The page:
This paper examines the Naga traditions of hospitality and peacemaking, focusing especially on two traditions: Pukreila and Aksü, in light of the contemporary north-east Indian context of booming tourism, issues of migrants, immigrants and refugees, and ethnic and communal conflict. While Pukreila signifies peacemaking through the initiative of a girl or woman marrying a man from another village, Aksü is a distinctive example of peacemaking and reconciliation effected through collective efforts. In their most broad use, both Pukreila and Aksü signify the breaking down of mistrust, hatred, and hostility, while affirming acceptance, forgiveness, peace and harmony between or among peoples. This paper is an attempt at reimagining the Naga people’s traditions of hospitality and peacemaking in light of the conference theme, “Reimagining Asian Hospitality,” and especially in light of the Naga people’s history of struggle for freedom and reconciliation. The paper will further explore the life and teachings of Jesus on hospitality and peacemaking, and draw out their significance for re- imagining hospitality and peacemaking today.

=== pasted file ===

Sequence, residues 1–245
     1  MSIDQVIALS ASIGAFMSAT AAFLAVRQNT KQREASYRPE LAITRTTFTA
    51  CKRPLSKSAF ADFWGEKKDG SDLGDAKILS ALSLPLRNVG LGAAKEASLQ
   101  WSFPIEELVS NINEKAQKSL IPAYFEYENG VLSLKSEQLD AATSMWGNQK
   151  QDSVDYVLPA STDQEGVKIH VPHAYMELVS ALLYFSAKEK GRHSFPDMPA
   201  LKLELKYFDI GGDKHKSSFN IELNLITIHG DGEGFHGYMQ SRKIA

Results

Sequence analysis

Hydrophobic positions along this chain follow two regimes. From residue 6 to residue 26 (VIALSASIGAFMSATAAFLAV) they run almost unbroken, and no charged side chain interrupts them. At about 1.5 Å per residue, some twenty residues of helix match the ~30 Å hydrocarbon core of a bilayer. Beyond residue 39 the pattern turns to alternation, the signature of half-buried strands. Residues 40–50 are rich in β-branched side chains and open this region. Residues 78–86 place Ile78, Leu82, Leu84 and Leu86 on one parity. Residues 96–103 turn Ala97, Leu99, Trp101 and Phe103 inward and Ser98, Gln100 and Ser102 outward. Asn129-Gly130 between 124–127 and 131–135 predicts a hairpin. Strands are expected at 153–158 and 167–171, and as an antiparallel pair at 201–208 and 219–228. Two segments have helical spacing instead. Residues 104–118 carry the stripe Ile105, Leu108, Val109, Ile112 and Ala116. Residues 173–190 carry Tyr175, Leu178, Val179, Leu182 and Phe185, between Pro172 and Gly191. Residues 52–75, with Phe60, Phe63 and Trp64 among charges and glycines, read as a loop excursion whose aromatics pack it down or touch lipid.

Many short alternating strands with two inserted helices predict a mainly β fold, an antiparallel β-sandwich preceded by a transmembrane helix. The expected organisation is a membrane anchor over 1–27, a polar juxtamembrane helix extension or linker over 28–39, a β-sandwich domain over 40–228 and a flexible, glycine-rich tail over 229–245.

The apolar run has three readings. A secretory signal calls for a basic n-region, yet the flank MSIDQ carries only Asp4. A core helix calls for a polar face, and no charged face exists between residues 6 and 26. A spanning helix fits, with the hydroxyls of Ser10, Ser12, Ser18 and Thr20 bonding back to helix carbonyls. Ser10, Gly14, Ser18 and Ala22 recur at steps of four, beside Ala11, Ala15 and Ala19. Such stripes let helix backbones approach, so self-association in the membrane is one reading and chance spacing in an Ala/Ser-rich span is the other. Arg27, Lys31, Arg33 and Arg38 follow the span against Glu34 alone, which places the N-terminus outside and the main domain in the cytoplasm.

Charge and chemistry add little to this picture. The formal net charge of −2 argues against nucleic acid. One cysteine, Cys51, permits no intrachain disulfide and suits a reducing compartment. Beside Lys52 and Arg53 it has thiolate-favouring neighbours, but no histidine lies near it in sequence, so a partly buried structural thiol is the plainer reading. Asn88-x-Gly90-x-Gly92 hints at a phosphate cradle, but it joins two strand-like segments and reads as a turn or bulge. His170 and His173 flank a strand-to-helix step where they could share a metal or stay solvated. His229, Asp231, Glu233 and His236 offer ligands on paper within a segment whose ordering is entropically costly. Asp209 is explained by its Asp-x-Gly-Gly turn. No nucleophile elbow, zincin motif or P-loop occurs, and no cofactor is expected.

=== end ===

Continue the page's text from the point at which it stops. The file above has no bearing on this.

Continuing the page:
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Disclaimer: The Arek do not claim ownership of this article. This article is written by Rev.Prof.Dr. Yangkahao Vashum, Eastern Theologian College, Jorhat Assam.
To cite this article: Vashum,Y.(2020). Phukreila and Aksu:Re-Imagining Nagas People’s Hospitality and Peacemaking. QUEST: Studies on Religion & Cultural in Asia.